New Zealand
Level 7 - NCEA Level 2

# Convert situations to and from networks

Lesson

We’re going to jump right in here and investigate how the capitals of each Australian state and territory are connected by the road network. Here’s a map:

It’s hard to read the names of the cities, or even see where they are!

Now let’s draw the major roads connecting these cities together as undirected edges (since you can go back and forth along the roads!), and get rid of the state names:

I have added in three extra vertices (Katherine, Threeways, and Port Augusta) along the road from Adelaide to Darwin where it branches off to other cities. Without them we would have a single edge (road) connecting more than two vertices, which is not allowed.

Now we can get rid of the underlying map, and are left with the connections between the capital cities as a network:

If we only care about if we can get from one city to another, and not how far it is between the cities, we can simplify the network a lot:

We have converted the map to a network!

Now we can easily see all kinds of information:

• You can’t drive straight from Canberra to Perth without going through at least one other capital city along the way.
• If you’re in Hobart you can drive around but you’re never going to any other capital city.
• If you want to go from Melbourne to Sydney you can go through Canberra or you can drive around it.

And that's only the beginning! It’s not to scale anymore, but that’s ok - here we are only interested in whether cities are connected. Sometimes these sorts of rough networks are called mud maps, because they’re the kind of rough sketch that you can draw in the mud with a stick! Later on we will talk about ways to represent scale in networks.

You will see this kind of network all around you once you know how to look for it. For example, here is the London tube map as a network:

By sacrificing realism and only representing the information we care about (which stations are connected to which other stations and how), using the map becomes easier.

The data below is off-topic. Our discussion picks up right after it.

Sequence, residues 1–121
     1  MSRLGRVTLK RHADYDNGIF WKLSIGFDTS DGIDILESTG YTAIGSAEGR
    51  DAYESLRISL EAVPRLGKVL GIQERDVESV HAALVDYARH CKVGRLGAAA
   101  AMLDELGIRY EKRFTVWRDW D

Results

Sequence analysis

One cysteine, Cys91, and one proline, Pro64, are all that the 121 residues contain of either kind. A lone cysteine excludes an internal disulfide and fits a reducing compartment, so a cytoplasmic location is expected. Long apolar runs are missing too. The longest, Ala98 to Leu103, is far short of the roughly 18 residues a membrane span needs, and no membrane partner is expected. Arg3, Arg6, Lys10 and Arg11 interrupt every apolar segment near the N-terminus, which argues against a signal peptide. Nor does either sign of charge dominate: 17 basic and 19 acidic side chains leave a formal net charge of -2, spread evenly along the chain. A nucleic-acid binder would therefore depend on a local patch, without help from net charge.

This next network is a completely different application. This is the family tree for King Charles II of Spain:

People used to think this was a good idea.

Note that the edges have arrows this time to show who is the parent and who is the child, so this is a directed network. There are seven vertices that don’t have any arrows pointing at them (can you find them all?), and every other vertex has exactly two edges pointing at them, one for their mother and one for their father. Try drawing out your own family tree as a directed network!

There are also times when we can represent the same idea two different ways. In this example, a small part of a city, containing seven blocks, needs to be serviced by a garbage collector. The garbage truck needs to travel along each side of each block.

If we replace every intersection with a vertex, we can use directed edges to represent the roads. The garbage truck then needs to travel along every edge to complete the route:

Or, we could replace each side of every road with a vertex, and connect the vertices with directed edges if we can travel from one to the other without making a right turn. The garbage truck then needs to travel to each vertex to complete the route:

Which one do you like best? Which one do you think is the most useful?

### Outcomes

#### M7-5

Choose appropriate networks to find optimal solutions

#### 91260

Apply network methods in solving problems